Wrath of Man (2021)

Wrath of Man is the least Guy Ritchie movie of Guy Ritchie’s career. It’s a crime movie, yes, and based upon a 2004 French film, but it’s absent his trademark big colorful Cockney personalities, ironic coincidences and upheavals, and broad slapstick violence. It has some narrative shuffling on board, as you can’t have a Ritchie heist movie where he’s not cross cutting between characters explaining the steps of the heist and enact it simultaneously, but Wrath of Man has far more in common with a lean, stripped down crime thriller like Heat than Snatch or Lock, Stock, and Two Smoking Barrels. Even a fun caper like 2015’s Man from U.N.C.L.E. felt like a clear distillation of his signature style into a new mod studio setting. This movie doesn’t feel like a Guy Ritchie movie. There is style, sure, but it’s far more gritty and less self-consciously flashy. It’s a solid vengeance tale, a pulpy though confusingly structured B-movie, a crime story with a message about anticlimax, and a sign that Ritchie can restrain himself when his film project calls for it.

In an opening scene, we watch an armored truck robbed and both drivers are executed. The repercussions of this will echo throughout the story. H (Jason Statham, reuniting with Ritchie for the first time since 2005’s Revolver) is a new hire for that same armored truck company, escorting large sums of money. He and his partner, Bullet (Holt McCallany), are held hostage by armed thieves and H methodically dispatches them, killing them all. Who is this man? He’s someone trying to find the culprits behind the opening robbery for his own personal reasons of vengeance, and that means setting up tantalizing traps for would-be robbers and working his way across Los Angeles to determine who is going to feel his manly wrath.

This is a darker and more somber vengeance movie where the violence has more weight to it. Everything feels heavier in Wrath of God. Even though this is strict B-movie territory, Ritchie does a commendable job of making the violence feel real and dangerous. It’s not cartoonish. There are recognizable genre moments, like too-cool interrogations, but this feels closer to a version of our own world where violence isn’t cool but awful. That may sound like the opposite of a recommendation, and I can hear someone say, “Why would I want THAT in my Jason Statham thriller?” Fair point, but the visceral nature of this depiction of crime makes the thrills feel more earned and less fleeting. The musical score by Christopher Benstead (The Gentlemen) is heavy dread personified for the entire two-hour running time. I was surprised how involved I found myself getting as the movie progressed, and during a climactic shootout I was feeling palpable nervous tension. I didn’t know who was exactly going to make it out alive, but I also wanted the “bad guys” to be taken down, but I was uncertain whether any of this would happen. Wrath of Man is an efficiently calibrated thriller when the action heats up. It doesn’t do anything special but what it does is build its moments with compounding dread. You’re waiting for bad things to happen, and you should expect bad things to happen, but you don’t quite know if they’ll happen to characters you like or don’t like, and that pumps up suspense. I was honestly surprised how invested I was during that shootout despite the limitations of characters as genre placeholders. The action and confrontations are chilly and ruthlessly efficient.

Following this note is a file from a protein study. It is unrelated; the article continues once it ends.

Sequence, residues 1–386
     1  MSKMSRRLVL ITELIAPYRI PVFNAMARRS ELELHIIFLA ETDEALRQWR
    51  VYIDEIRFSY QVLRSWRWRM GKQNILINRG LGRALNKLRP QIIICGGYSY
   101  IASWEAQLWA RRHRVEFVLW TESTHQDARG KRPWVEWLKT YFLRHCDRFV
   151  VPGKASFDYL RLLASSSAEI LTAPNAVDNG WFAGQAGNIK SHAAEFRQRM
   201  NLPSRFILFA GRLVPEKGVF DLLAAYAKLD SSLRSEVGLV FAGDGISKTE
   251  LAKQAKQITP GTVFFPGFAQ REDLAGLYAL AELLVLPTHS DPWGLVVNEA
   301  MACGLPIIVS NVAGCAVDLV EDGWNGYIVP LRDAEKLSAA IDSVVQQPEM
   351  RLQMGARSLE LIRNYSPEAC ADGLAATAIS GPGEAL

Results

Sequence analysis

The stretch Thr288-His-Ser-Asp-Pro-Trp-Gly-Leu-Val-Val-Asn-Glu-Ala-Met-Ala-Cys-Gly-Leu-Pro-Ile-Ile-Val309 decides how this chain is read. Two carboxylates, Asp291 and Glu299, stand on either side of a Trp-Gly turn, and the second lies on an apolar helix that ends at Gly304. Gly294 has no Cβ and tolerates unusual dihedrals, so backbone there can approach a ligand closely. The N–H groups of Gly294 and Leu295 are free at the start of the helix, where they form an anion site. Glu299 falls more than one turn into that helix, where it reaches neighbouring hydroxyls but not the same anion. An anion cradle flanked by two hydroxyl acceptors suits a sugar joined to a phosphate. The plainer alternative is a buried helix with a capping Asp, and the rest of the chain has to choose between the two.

It’s the structure that’s the real villain here. I’m exaggerating a bit but there are significant structural curve balls that attempt to make Wrath of Man more unpredictable and I think take away from its overall impact and coherency. We see the opening robbery from three eventual perspectives, the drivers inside the truck, the perpetrators, and the bystander victims. We’re also shifting perspectives from chapter to chapter, but I’m not certain that all this fancy narrative shuffling is actually worth the strained effort. I’ll agree it keeps things unpredictable, but any movie where beginnings and middles are rearranged would achieve that same effect. Our first segment presents a mystery, but then it’s answered immediately in the next segment. The third segment answers another mystery, and it’s here where I started feeling like these answers weren’t quite worth the efforts to get there. There’s a notable anticlimactic design to much of the reveals, and while I believe it has ripe thematic purpose (more on that later), it also removes degrees of satisfaction that you can take from the movie. When you find out who H really is, you’ll be like, “Oh. Okay.” And from there he seems like an unkillable superhero. And when you find out who is responsible for the opening robbery, you’ll likely be like, “Oh. Okay.”